At the 88th Academy Awards last month, the Oscar for Best Documentary Short was awarded to “A Girl in the River: the Price of Forgivenes.”

The film chronicles the intense struggle of Saba, a Pakistani woman who, after being shot in the face by her father and uncle, was ordered to make legal reconciliations with her would-be murderers.

For Pakistan, most notably its female inhabitants, the social ramifications of such a powerful film are palpable.



The controversy surrounding honor killings of young women in Pakistan has been effectively stoked by the efforts of documentarian Sharmeen Obaid-Chinoy and her team - including co-producer and Pakistani native Haya Fatima Iqbal.

“I am from Pakistan. I have worked, I have studied [here]; I am very, very Pakistani,” Iqbal said.

As a woman living in Palkstan, the film and its subjects were a very personal matter, she said.

“As a child, I think my parents really made the effort to sort of [show] us different parts of the world,” Iqbal said. “My first trip to the U.S. was definitely in 2007, when I was 19; I was actually a part of a cultural exchange program, a summer exchange program that lasted six weeks, and I actually ended up going to Vermont. So in Vermont, obviously, I got a really unique kind of an American experience that you probably just can’t find in any other [U.S. state].”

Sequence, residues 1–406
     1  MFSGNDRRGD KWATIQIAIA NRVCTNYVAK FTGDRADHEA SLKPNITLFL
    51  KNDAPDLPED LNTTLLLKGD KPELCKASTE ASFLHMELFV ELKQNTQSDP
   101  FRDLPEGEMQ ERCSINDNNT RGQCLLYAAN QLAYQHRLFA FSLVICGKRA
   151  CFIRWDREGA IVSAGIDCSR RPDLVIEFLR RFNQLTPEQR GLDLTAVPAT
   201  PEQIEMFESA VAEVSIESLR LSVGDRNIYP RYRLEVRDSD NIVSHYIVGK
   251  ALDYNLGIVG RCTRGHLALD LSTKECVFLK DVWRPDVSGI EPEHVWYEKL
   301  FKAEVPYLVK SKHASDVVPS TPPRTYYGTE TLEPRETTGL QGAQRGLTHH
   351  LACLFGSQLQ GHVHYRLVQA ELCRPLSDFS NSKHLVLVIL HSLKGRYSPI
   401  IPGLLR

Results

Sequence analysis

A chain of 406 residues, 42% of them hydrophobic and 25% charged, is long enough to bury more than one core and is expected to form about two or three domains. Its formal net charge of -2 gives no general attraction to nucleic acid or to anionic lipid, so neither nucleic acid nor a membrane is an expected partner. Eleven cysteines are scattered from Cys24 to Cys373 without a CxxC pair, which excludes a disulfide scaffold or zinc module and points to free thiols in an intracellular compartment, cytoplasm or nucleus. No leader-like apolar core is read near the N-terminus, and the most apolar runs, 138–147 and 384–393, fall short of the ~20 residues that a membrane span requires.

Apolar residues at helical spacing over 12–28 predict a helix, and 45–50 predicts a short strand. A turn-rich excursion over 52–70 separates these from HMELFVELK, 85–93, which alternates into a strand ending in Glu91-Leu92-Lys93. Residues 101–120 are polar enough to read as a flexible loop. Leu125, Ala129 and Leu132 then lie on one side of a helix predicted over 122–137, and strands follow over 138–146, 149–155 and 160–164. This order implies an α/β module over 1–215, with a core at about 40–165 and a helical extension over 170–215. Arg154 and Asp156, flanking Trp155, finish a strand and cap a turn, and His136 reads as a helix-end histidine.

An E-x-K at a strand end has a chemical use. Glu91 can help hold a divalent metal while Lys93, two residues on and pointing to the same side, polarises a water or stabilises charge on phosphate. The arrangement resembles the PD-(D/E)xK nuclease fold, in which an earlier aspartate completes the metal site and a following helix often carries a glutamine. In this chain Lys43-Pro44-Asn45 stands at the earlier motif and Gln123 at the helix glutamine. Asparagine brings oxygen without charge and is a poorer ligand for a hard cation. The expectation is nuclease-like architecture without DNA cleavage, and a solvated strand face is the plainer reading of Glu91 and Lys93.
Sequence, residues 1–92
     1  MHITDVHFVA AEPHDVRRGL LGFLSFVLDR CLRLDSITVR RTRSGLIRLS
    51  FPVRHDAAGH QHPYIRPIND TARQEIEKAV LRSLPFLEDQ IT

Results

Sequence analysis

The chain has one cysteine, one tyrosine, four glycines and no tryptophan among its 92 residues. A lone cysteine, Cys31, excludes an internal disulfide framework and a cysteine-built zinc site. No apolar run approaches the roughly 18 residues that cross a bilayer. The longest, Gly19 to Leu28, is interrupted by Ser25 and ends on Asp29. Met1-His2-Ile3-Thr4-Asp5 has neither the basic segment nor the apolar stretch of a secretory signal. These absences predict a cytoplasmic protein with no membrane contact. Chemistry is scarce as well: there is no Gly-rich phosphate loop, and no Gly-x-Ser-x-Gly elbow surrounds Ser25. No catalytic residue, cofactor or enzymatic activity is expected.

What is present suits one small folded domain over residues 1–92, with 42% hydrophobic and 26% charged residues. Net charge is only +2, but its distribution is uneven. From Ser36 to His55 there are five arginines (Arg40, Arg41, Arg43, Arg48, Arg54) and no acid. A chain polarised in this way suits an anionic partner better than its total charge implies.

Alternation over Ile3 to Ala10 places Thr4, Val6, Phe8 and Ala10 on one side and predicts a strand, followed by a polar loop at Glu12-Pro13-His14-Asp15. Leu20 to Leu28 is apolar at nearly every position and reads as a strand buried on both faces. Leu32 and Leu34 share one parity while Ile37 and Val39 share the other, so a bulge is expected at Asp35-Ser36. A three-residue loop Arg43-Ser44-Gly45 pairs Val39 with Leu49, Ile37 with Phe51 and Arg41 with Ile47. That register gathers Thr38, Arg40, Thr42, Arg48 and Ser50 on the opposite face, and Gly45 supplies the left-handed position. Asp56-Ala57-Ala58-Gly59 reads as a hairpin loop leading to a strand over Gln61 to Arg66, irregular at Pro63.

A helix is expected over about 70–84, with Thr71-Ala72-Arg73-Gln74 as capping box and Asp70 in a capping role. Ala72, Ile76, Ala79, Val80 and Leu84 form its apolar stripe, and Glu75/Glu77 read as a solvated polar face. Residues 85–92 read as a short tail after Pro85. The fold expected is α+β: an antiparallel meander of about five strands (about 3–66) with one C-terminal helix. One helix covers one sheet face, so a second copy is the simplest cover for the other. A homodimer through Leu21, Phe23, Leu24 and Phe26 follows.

Between 2010 and 2012, Iqbal said that she returned to the States in order to attend the NYU School of Journalism, in pursuit of a master’s degree in news and documentary as a Fulbright scholar.

She appreciates the immense culture shift that occurs for most people when they finally see New York City for themselves, she said. The city proved to be a challenging, nuanced foreground on a documentarian journey that would change her perspective forever.

“It makes you a little more ready for what we now call the ‘real world’, obviously, but I think also, in New York, because there’s so much diversity, and so many layers to the society; multiple groups in terms of faith, sex, religion, ethnicities, languages, levels of poverty, let’s say; all of these issues exist [in New York], so you really start to see the world in a more nuanced way,” Iqbal said.

She said her time spent in New York City contributed immeasurably to her journalistic capacities.

“You really will have to adopt different ways of looking at things to understand problems to a better extent,” Iqbal said. “You’re ready to A) face challenges [and] B) ready to just physically understand people’s issues.”

She said that documentary filmmaking is never easy.

“All of that ‘heavy lifting,’” she said, “it actually begins prior to going into the field; it requires a lot of research, a lot of making phone calls, the same stuff you’re doing right now; you basically talk to multiple people, you try gauge what the climate is like on the field, what kind of stances people [already] have on a very basic level; then you go into the field.”

Johnny Vizcaino is a staff reporter at the Daily Lobo. Contact him at news@dailylobo.com or on Twitter @thedailyjohnnyv